When CEO Tom Dickson first fired up his low-cost camera to record what happens when you throw a wooden rake handle, among other things, into one of his Blendtec blenders, he had no idea that within days he’d be an Internet superstar. Between YouTube and the company’s willitblend.com, viewers have watched these extreme experiments more than 75 million times. His blenders are the ones whirring at Starbucks, but Will It Blend? is what juiced online retail sales more than 500% in the last year.
I can’t promise you the same kind of results–Dickson’s a funny guy and blending an iPhone or a Chuck Norris action figure is catnip for Web-video addicts. But you don’t need a shtick to use video successfully, just a story. The future of Web video extends beyond funny shorts to include live broadcasting as well as interactive apps. The rapid proliferation of video tools reveals several trends that enterprising businesses should learn to exploit in addition to using YouTube, still the big kahuna of the field. Everything discussed below is free to use, although many of these services are in alpha or beta mode and may require an invitation or company approval before experimenting.
Streaming video: Build your own live TV network whenever you need one. There are a ton of tools that let you do this; my current favorite, Mogulus, supports multiple cameras, graphics, and even recorded video if you aren’t broadcasting live. (Others to consider are Qik, blogTV, and Kyte.) What would you do with your own network? I used it to report live from the floor of the Consumer Electronics Show in Las Vegas. Companies should have been shooting the action in their booths, so employees or fans of the firm could vicariously share in the excitement.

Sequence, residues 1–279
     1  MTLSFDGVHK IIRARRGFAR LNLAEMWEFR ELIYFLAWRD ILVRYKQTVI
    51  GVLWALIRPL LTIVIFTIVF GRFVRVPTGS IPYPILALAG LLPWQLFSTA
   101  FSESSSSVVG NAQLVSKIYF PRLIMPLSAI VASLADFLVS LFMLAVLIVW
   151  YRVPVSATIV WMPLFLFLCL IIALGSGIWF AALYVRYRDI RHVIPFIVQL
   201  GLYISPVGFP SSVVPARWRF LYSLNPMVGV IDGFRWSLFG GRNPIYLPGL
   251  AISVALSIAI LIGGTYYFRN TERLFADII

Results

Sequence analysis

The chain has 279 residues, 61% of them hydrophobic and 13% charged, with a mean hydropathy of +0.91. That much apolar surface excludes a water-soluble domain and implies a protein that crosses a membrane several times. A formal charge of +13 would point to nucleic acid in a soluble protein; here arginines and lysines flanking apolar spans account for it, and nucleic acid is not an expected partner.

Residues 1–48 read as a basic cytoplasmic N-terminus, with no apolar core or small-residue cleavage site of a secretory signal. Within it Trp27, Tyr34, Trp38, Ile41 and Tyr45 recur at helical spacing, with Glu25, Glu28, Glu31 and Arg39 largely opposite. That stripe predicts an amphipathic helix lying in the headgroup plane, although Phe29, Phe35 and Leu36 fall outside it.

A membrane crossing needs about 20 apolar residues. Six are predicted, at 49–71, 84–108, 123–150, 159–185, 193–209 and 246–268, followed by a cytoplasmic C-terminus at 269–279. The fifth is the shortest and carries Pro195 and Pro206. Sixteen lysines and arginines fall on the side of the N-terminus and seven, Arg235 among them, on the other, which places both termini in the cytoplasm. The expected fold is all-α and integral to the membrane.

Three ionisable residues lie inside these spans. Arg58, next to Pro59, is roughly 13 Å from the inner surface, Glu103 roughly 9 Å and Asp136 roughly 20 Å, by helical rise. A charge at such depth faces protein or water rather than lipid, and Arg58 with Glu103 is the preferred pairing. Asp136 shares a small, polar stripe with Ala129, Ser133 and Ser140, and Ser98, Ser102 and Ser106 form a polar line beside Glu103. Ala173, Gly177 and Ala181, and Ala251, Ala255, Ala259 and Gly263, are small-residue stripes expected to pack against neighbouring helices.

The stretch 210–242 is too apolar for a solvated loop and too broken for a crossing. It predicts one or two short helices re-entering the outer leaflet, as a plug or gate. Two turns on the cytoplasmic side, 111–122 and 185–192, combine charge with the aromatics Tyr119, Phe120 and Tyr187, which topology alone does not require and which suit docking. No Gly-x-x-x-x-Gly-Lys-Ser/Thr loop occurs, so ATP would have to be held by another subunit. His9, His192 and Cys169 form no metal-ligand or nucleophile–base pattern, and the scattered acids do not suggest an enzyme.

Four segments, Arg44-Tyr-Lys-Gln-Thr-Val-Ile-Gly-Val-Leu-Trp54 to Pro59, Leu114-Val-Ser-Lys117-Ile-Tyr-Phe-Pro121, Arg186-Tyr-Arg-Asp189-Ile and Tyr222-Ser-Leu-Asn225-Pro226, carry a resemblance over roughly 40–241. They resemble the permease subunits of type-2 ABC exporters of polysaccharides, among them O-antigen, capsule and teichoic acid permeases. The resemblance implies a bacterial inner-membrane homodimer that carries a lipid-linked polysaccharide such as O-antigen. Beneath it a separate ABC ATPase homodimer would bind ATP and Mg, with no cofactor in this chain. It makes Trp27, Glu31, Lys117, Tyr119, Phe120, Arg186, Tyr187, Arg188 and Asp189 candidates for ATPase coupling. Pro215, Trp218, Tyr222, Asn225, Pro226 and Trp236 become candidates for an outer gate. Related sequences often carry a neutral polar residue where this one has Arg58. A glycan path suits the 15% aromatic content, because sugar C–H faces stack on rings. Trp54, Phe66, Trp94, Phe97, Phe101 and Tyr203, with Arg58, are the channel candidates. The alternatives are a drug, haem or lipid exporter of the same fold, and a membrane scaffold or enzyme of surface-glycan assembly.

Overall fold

Cell-phone video: I shot my CES experience using my Nokia N95 phone ($550-$800). Imagine you want to talk to your sales force while meeting with a customer. Or you see a new competitive product for the first time while traveling. You turn on your new cell phone, start up one of the streaming services, and you’re live. The team on the other end can chat with you while you’re filming and direct you to show what it needs to see. Cons? Not enough cell phones can stream video yet. For example, the first iPhone can’t do it.
Global video: Even if you, like me, speak only English, you can reach customers in, say, Japan, Germany, or Russia using an amazing tool called dotSub. It will add captions to your videos, which can then be translated into dozens of languages. Last year’s Pop!Tech conference used dotSub for its live Web video.
Email video: What’s the worst part of email? Wondering if the sender is being sarcastic or not. Eyejot brings the eye roll and every other face-to-face nuance to personalized video emails. If your business is on Facebook, it offers a similar service.
Interactive video: Watch the videos over at Asterpix.com, and your mind will race with possibilities. With Asterpix, you can add clickable hot spots to clips. Click on one and open another video or a Web page. This is really great stuff for building how-to videos, because viewers can get the basics in one video or go deep for more detail. I also like how Asterpix lets you display new information next to the video while it runs on your Web site. No matter which services you choose, the most important point is simply to use video. Too many companies don’t have clips showing their products, their philosophies, or simple news announcements by their CEOs. Business is a conversation, and video is increasingly how that conversation takes place.